His father is a dead weight to him. Without him, Elie would be able to focus on his own self and maybe find a way to escape or at least live more comfortably. His duty as a son prevents him from making his own life his main priority. Like everyone else has said, he feels as if he has failed his father. Not as a son, but as a family member. I read somewhere that a parent will always love their child in a way no one else will. Yet the child will never love their parents in that same way or with the same amount of feelings. Family members are supposed to unconditionally love and lookout for each other. So far Elie hasn't failed at loving his father, he just doesn't love him enough to look past the fact his father is an obstacle for him. I'm pretty sure if their roles were reversed, things would be extremely different. -Genesis
Elie once saw his father as an idol, a reason to keep moving forward. As he realizes his father is not as strong as he used to be he sees him as dead weight. Knowing that his father would not give up on him Elie feels obligated to care for his father. THen he remembers of the rabbi's son, and how easily it was for him to lose his father. Then feels guilty realizing he could have fed off his fathers rations. He seems not to care that his father dies. What he feared most has happened Elie has lost his father.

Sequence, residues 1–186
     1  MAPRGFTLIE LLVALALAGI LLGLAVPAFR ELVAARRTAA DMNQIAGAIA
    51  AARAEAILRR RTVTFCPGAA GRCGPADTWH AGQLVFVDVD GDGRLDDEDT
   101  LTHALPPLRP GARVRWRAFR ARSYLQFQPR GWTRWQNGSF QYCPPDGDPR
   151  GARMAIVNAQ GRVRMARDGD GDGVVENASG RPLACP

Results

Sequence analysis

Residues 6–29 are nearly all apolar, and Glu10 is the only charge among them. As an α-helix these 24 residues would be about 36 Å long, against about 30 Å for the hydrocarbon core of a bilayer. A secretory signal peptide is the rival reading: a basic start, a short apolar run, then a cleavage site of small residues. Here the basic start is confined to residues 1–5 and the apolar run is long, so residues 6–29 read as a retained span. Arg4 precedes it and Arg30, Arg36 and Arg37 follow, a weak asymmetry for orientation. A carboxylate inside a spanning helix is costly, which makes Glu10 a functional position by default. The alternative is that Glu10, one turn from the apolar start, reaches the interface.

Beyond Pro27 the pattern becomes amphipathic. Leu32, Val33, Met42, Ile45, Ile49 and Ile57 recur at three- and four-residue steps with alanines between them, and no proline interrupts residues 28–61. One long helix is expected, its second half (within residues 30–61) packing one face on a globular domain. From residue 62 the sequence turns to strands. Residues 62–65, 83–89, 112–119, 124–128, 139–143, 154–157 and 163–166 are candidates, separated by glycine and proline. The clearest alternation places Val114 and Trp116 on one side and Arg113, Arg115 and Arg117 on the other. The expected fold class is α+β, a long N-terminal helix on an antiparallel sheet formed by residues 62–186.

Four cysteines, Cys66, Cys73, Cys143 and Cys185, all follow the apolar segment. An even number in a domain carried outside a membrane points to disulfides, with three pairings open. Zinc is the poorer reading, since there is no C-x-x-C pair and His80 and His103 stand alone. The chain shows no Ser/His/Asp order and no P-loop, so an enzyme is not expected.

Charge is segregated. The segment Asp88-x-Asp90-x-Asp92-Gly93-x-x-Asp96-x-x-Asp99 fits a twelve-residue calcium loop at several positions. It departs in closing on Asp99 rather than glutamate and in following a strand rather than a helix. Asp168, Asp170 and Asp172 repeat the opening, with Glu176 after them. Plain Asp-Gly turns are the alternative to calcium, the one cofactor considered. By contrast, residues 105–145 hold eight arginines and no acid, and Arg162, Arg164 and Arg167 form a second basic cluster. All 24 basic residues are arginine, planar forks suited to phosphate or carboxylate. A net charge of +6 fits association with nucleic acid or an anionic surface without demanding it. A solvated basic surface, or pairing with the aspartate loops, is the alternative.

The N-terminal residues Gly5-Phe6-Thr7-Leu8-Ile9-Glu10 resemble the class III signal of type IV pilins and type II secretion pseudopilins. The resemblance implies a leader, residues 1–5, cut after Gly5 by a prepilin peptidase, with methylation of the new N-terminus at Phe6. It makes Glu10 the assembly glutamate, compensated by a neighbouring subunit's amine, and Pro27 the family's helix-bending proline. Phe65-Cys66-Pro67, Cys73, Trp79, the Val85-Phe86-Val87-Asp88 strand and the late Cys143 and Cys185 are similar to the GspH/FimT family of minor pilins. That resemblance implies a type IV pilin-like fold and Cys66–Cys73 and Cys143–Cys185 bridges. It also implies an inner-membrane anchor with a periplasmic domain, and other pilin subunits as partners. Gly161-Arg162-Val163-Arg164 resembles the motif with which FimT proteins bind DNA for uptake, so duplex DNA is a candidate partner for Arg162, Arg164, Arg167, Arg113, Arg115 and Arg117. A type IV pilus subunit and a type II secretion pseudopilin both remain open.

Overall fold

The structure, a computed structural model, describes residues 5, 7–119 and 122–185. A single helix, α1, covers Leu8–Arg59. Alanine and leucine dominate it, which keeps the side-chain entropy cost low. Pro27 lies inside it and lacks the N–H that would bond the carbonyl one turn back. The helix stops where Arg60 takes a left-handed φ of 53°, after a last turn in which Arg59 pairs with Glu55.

My opinion is that Elie has failed himself. He entered the concentration camp being an independent young adult but now the labor has broken him down to nearly nothing. He went from being a care free, cheerful child to having responsibility to keep himself and his father out of harm's way. He has not been selfless in this situation. He is always second guessing the sacrifices he makes for his father. He is not genuinely looking out for his father; it's his obligation. In one of the previous chapters he hoped and prayed he was not like the Rabbi's son, but he has become far worse. He has not just abandoned his father physically biut mentally and emotionally as well. He only cares about his well being. His father has become a huge burden and is jepardizing his survival. However there is some guilt in Elie's heart for losing interest in his father but in a "Do or Die" enviroment you can only do just enough for youself to get by.-KeAmber Green